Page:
bluenorther said...
Hello, Lizardson, 'Grown So Ugly'(January 19.07) blog has a valid link to David Acklesalbum, if you still need it.

by bluenorther #8

"Flo & Eddie" 1973

Self-described as the Partridge Family and Redd Foxx on one album, Mark Volman and Howard Kaylan, otherwise known as Flo & Eddie, presented one of the more eclectic duos in the history of rock & roll. Their friendship and musical partnership, which began in their high school choir in Westchester, CA, led at first to a surf band called the Crossfires, which changed its name to the Turtles after its members graduated high school. The Turtles had some of the sweetest, most feel-good sounds in pop music, but underneath the melodic pop there was always an undercurrent of mischief. When the band broke up in 1970, Volman and Kaylan became members of Frank Zappa's Mothers of Invention, which provided them a perfect breeding ground for their quirky ways. Performing under the name the Phlorescent Leech & Eddie, they eventually shortened their moniker to Flo & Eddie. They recorded seven solo albums, eventually producing inexplicably weird reggae albums, but their real name was made by their radio show, which started out in the mid-'70s in Detroit, but eventually ended up on KROQ in California and was syndicated by nearly 50 stations at its peak. Flo & Eddie scored two low-budget films, Dirty Duck and Texas Detour, and, surreally enough, also worked on music for several kids' television shows, including the animated series Strawberry Shortcake and the Care Bears. ~ Stacia Proefrock, All Music Guide

by GeoX #4

Gordon Bok
"A Rogue's Gallery of Songs for 12-String" 1983

GeoX said...
BOY did I love this when I was very small! My abortive musical career consisted--at the age of five or six--of "writing" a song that was an almost exact copy of "McKeon's Coming." I was always very concerned about the title character--does he make it? Does he get home?? Does he???

This and most of the other songs concern--that's right--roguish sorts of individuals. They're almost all very, very, very...good.

01. McKeon's Coming
02. I'm a Rambler, I'm a Gambler
03. Thumpy
04. Duncan and Brady
05. Balamena
06. Marina/Bimbo de Colonello
07. On the Wallaby
08. Old Fat Boat
09. Ramble Away
10. A Most Unpleasant Way, Sir
11. Mist-Covered Mountains/Bonnie Galway
12. Blackbird
13. St. Thomas
14. Woodworker's Litany

by Paul #3

Harry Belafonte "Belafonte on Campus" 1967
LP Rip VBR 192-224

Paul said...
This is one of Harry Belafonte's folk LPs that has not been re-issued on CD (so far as I am aware). It contains a mix of traditional and modern folk music as you will see from the track list.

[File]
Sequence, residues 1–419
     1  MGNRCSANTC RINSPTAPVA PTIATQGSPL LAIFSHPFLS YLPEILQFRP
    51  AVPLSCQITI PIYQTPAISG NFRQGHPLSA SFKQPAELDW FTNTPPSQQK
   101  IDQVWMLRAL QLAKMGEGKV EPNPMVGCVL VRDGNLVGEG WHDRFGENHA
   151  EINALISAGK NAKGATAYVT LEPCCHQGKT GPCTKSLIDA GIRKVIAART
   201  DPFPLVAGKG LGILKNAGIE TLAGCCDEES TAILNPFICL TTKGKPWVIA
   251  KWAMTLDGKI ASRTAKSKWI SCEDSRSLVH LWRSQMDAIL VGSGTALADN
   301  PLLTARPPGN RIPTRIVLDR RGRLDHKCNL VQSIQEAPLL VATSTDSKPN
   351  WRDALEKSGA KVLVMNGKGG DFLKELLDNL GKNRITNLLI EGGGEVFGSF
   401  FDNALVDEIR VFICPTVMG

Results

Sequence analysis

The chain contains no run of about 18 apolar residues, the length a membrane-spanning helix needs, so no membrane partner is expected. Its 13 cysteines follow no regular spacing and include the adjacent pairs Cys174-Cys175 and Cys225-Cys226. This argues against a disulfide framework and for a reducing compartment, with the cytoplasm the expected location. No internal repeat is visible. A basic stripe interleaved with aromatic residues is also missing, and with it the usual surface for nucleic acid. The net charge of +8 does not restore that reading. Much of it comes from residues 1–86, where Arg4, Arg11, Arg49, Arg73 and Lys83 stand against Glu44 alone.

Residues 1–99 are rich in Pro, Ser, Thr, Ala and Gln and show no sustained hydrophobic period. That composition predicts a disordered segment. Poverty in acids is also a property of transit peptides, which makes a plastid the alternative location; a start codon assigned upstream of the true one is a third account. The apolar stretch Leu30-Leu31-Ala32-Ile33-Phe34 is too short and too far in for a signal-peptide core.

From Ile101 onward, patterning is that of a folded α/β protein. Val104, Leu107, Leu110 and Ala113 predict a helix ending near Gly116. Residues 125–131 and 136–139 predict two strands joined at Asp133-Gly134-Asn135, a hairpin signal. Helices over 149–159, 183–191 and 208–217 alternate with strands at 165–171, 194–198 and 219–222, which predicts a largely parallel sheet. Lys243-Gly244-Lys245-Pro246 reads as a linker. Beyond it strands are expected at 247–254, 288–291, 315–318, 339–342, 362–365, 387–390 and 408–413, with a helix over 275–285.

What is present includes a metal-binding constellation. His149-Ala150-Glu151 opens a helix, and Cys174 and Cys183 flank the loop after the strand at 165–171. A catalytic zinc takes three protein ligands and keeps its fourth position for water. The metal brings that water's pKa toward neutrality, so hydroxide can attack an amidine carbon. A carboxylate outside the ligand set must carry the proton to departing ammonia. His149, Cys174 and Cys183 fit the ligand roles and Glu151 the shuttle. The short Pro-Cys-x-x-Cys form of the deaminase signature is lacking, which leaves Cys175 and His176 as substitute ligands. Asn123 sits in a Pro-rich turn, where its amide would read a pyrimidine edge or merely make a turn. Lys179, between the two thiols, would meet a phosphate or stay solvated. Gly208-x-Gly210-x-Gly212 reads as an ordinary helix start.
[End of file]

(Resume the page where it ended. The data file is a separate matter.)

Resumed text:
But do not expect a real "folky" sound - these are "professional" studio tracks with full choral and orchestral backing. Still, it is well worth a listen.

01 Roll on Buddy
02 The Hands I Love (Lightfoot's "Song for a Winter's Night"
03 The Last Thing on my Mind
04 Delia
05 Far Side of the Hill
06 Waly Waly
07 Sail away Ladies
08 First Time Ever I saw your Face
09 Hold on to me, Babe
10 Those Three are on my Mind
11 Dog Song (Your Dog)

Friday, September 21, 2007

Richard Dees's Bootlegs #14

Lunasa "National Concert Hall, Dublin"
8th June 2006

Broadcast on RTE 1 radio in two parts, on 16th and 23rd October 2006

CD 1
1 Good Morning Nightcap
2 Leckan Mor
a. Kalyana
b. Above In The Garret
c. Leckan Mor
3 Absent Friends > Ivory Lady
4 ??
5 Mrs. O'Sullivan's > Chloe's Passion
6 Midnight In Aviles
a. N’Alcordanza
b. Soig’s plinn
c. Skolvan doubl plinn
7 The Dingle Berries
a. The Hop Slide
b. Padraig O’Keefe’s
c. Nessa the Mover
d. Trip to Dingle
8 Black River
a. Across The Black River
b. Iain MacDonald’s
c. The Sandpit
9 Dr Gilbert > Merry Sisters Of Fate > Suite Ecosse

CD 2
1 Spoil The Dance
a. Cillian's Midnight Dip
b. Tuttle's
c. Spoil The Dance
2 Road To Barga
a.Timmy Collins'
b. Road To Barga
3 Showacho > Portobello
4 ??
5 Punch In The Dark
6 Puirt na pBucai
7 The Last Pint
8 The Ash Plant
9 Boy in the Boat
a. The Ballivanich Reel
b. The Boy in the Boat
c. The Stone of Destiny

Kevin Crawford - Flute, Whistles
Trevor Hutchinson - Upright Bass
Sean Smith - Fiddle
Cillian Vallely - Uilleann Pipes, Low Whistle
Paul Meehan - Guitar

Pat Fitzpatrick
Alan Kelly
Conor Brady

CD 1
CD 2

by bluenorther #7

Val Stoecklein "Grey life" 1968: Download
Carolanne Pegg "Carolanne" 1973: Download

by Paul #2

Dave de Hugard "Freedom on the Wallaby" 1970
LP Rip, VBR 192-224

Paul said...
Dave de Hugard is a well-known and highly respected Australian folk singer and musician specialising in traditional Australian bush music. This excellent album was put down in 1970 and although re-issued again as an LP in 1983 (from which I have ripped the music) none of the tracks have been re-issued on CD. It's a good rip so enjoy!
Sadly, I do not have graphics so if anyone else can help there, I would be very grateful.

LP details:
Band Members:
Dave de Hugard - vocal, fiddle, concertina, button accordion.